Disclaimer: The content in my blog is provided for entertainment purposes only and as such is in no way reflective of any recognized sailing regulations or guidance. Whilst all the stories are factually correct, the identities of the people concerned may have been changed to protect me from any liability. Please consult a sailing book, preferably endorsed by the Royal Yachting Association (RYA), before going anywhere near the River Thames. All content is copyrighted to Bracken, in the hope it might eventually pay for his chemo!

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The Great Wraysbury Floods – 2014 (6)

March 2, 2014

Part Six

“Keep Calm!………. We Know What To Do!”

IMG_0257

‘Not even enough time to implement my ‘flood friendly’ house modification plans’

Overnight the water had continued to rise in the back garden. It was different this time, it was quicker. We hadn’t even had time to implement a few home modifications I had thought of since the last flood. By Saturday afternoon on the 8th February we had positioned the sandbags we had carefully stored from the last flood, around the garage door and had created a polythene and sandbag dam both at the entrance and exit of the garage. I knew from experience that the water would not come up through the concrete floors in the annex, instead the threat would be from water gushing across the road and into the drive if the field opposite flooded again.

Doing something different to the flood just three weeks ago gave us a feeling that maybe this time we’d beat it and perhaps this time there wouldn’t be as much water anyway!

The next job was to build the dam at the entrance to the driveway. I couldn’t handle the prospect of being woken again at some ungodly hour to be told that there was a river where my drive used to be. By evening we were exhausted, let’s face it, we’d not really had time to recover from the last flood and the clear up, let alone being in a fit state to be doing it all again………not at our age anyway!

We collapsed into bed and prepared to see what daylight would bring. Besides, it was a big day tomorrow, there was a village meeting to discuss the last flood.

In the morning our worst fears were confirmed, this was not going to go away any time soon, but we were still hopeful the water levels would not be as high as last time. At 2.00pm on Sunday 9th February, along with our neighbours, we descended on the village school for the flood meeting.

images-10

Councillors, Colin Rayner, Andrew Davies, John Lenton, our head flood warden Dave Francis and Simon Dudley from the RBWM. Click on the following link to hear what we had to hear. http://www.youtube.com/watch?v=boU3on_Oif0&sns=em

The school hall was packed, all our Flood Wardens were there along with a representative from the Environment Agency and local councilors.  It was standing room only so we made our way to the back of the hall and waited for proceedings to commence.  The mood was tense but optimistic.  There were jokes about the events of the past few weeks, Brits putting on a brave face, the old “War Spirit” I guess.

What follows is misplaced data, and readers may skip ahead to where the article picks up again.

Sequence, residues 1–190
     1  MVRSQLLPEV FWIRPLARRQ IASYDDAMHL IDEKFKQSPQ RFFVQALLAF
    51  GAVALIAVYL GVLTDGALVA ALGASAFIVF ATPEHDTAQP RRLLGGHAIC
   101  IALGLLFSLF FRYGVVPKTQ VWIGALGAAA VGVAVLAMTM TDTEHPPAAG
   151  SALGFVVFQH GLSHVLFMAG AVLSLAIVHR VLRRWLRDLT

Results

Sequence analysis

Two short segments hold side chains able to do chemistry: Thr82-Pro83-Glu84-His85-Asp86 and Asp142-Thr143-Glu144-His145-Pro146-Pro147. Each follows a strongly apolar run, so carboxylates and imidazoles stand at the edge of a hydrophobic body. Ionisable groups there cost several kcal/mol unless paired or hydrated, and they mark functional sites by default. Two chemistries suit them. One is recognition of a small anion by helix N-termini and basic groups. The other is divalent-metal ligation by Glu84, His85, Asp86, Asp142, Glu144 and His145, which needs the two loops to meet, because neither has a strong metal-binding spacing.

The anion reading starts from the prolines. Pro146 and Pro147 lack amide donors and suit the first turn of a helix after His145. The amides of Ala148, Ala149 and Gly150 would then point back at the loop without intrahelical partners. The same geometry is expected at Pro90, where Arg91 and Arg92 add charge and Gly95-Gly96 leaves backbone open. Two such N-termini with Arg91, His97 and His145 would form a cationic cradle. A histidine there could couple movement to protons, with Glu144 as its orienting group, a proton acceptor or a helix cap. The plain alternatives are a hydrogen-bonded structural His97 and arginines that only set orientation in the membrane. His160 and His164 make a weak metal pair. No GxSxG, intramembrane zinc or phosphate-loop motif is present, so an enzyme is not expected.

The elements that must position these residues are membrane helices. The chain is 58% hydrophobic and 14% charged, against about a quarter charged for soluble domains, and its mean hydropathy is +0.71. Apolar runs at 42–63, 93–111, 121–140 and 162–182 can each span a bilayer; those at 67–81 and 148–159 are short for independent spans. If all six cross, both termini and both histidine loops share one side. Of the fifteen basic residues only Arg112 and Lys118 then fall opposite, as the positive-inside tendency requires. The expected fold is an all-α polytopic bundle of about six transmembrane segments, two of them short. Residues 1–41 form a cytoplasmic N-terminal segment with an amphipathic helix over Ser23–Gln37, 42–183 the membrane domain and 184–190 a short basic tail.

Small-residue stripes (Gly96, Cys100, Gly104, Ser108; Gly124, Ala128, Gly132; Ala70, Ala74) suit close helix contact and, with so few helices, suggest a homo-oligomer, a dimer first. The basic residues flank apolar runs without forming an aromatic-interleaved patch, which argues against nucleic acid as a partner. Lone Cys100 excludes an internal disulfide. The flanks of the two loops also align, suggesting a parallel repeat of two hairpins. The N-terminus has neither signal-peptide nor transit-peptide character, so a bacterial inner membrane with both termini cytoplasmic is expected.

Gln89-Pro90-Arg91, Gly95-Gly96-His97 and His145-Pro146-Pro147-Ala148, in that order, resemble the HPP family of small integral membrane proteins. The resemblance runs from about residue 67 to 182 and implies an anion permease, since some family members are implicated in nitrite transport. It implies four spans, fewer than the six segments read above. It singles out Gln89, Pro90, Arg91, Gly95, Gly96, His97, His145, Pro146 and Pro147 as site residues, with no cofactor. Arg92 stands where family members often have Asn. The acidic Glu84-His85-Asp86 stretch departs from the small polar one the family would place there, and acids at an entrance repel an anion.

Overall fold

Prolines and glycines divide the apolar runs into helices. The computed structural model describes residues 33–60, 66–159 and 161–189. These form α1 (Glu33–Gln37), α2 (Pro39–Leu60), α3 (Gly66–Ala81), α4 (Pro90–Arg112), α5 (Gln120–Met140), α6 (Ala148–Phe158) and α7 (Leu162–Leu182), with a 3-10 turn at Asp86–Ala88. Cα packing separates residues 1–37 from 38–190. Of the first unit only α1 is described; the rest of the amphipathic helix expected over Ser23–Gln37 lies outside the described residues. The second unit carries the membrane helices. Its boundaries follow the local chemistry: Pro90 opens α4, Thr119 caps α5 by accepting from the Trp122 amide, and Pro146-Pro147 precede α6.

The meeting was called to order, a hush weighted with anticipation descended.  We were told that an emergency meeting had been held earlier that day with the powers that be and that we were on the brink of catastrophic flooding. There was a stunned silence around the room, neighbours exchanging glances of disbelief. A few people even left at that point. We were told the Army were being deployed to help with evacuations and were descending on the neighbouring village of Datchet that evening to begin constructing a sandbag wall of defence. The school was going to be utilized in the coming days as a relief centre and then a very nice gentleman took to the stage to give us hints and tips on protecting ourselves and our possessions.

We set off for home in silence.  What was there left to say?  Once in the house we had a stiff drink and began the process of raising everything off the floor, wrapping what we could in bin liners, wrapping up the bottoms of all our doors like Christmas presents and collapsed into bed at about 1.00am after a bowl of soup. Maybe the Environment Agency were being over-cautious after the debacle in January…..let’s face it, they have often been wrong before!!

If you enjoy reading my blogs, any contribution, however small, towards Bracken’s now in excess of £6,000.00 chemotherapy bill, would be greatly appreciated.

Disclaimer: The content in my blog is provided for entertainment purposes only and as such is in no way reflective of any recognized sailing regulations or guidance. Whilst all the stories are factually correct, the identities of the people concerned may have been changed to protect me from any liability. Please consult a sailing book, preferably endorsed by the Royal Yachting Association (RYA), before going anywhere near the River Thames. All content is copyrighted to Bracken, in the hope it might eventually pay for his chemo!